Miami’s universities focusing business schools on entrepreneurs
Written by Katya Maruri on January 16, 2018
In anticipation of preparing their students to become well-rounded entrepreneurs, local universities have taken the initiative to streamline their programs and classes within their business schools to help nurture and develop small business operators.
“By virtue of being in Miami we are a small business community,” said Patricia Abril, vice dean of the Miami Business School, formerly known as the University of Miami School of Business Administration. “As a result, our programs at the very core are geared toward innovation and the get-to-it-ness that entrepreneurs need to be successful.”
Currently, she said, “around 40% of the university’s business school graduate students pursuing an MBA come from small business and family business backgrounds.”
As a result of this growing trend, she said, the university has created a student entrepreneurship consulting program for its undergraduate students enrolled in its entrepreneurship programs.
“The student entrepreneurship consulting program, which is the capstone experience for the school’s undergraduate entrepreneurship majors,” she said, “lets students gain real-world experience by working on consulting projects for real clients, which include CEOs, small businesses, non-profits and high-growth companies.”
One of the main benefits of this capstone experience, she said, is that “students get to apply what they learn in class, while seeing what it’s like firsthand to run a company or small business through the eyes of an entrepreneur.”
As a result of the university’s entrepreneurship programs and capstone experience, she said, many students have gone on to graduate and start small businesses of their own.
One student in particular who graduated from the business school’s undergraduate program, she said, has gone on to create The Salty Donut, an artisanal donut shop and coffee bar focused on chef-made, small-batch craft doughnuts made with high-quality ingredients.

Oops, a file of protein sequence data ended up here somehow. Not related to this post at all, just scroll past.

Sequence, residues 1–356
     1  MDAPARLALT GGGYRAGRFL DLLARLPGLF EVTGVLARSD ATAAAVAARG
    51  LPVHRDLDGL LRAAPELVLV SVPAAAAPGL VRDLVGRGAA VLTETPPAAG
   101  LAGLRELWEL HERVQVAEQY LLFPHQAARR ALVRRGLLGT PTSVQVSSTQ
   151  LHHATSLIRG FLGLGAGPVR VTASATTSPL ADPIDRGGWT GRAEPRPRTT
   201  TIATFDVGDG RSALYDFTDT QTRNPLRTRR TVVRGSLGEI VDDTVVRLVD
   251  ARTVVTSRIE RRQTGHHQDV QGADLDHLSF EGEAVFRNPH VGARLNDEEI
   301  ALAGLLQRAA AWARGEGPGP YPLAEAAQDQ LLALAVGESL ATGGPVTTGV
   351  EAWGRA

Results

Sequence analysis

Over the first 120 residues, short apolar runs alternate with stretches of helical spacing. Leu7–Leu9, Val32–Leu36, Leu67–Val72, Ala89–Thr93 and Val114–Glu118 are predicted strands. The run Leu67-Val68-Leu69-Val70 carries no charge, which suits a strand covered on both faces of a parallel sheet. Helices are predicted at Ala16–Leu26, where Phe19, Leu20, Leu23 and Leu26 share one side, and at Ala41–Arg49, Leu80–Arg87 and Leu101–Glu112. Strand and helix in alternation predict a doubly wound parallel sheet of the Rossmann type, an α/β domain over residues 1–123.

At the end of the day, she said, “seeing our students succeed by providing them with the skills that they need to become successful entrepreneurs is what it’s all about.”
Another local business school that has streamlined its programs to nurture and develop small business operators is St. Thomas University’s Gus Machado School of Business.
“We recently received a Strada grant to establish Bobcat Analytics,” said Somnath Bhattacharya, the dean of the business school. “Through this program, students will be able to parse data from local businesses and companies that either don’t have the time or the knowledge to sift through all the information themselves.”
In addition, he said, the university hosts a business competition whereby students can partner with local entrepreneurs as a way to receive mentorship and gain hands-on entrepreneurial experience.
Looking forward, Mr. Bhattacharya said, “in two weeks we plan to break ground on the Gus Machado School of Business’s new business school complex, which will have state-of-the-art classrooms and a center of entrepreneurship.”
Once the center is up and running, he said, “We hope to work with the Small Business Administration to provide workshops for local businesses and companies.”
Other programs that local business schools have developed to nurture small business operators include Florida SBDC at Florida International University, which aims to bring local companies a team of experienced business experts who offer confidential, no-cost consulting to entrepreneurs and business owners looking to grow, and Barry University’s Institute for Community Economic Development, which focuses on supporting and developing small businesses, non-profit organizations and community-based business-to-businesses by providing need-based information, need assessments and skill development programs.
Details: https://www.barry.edu/biced/ and https://business.fiu.edu/centers/sbdc/.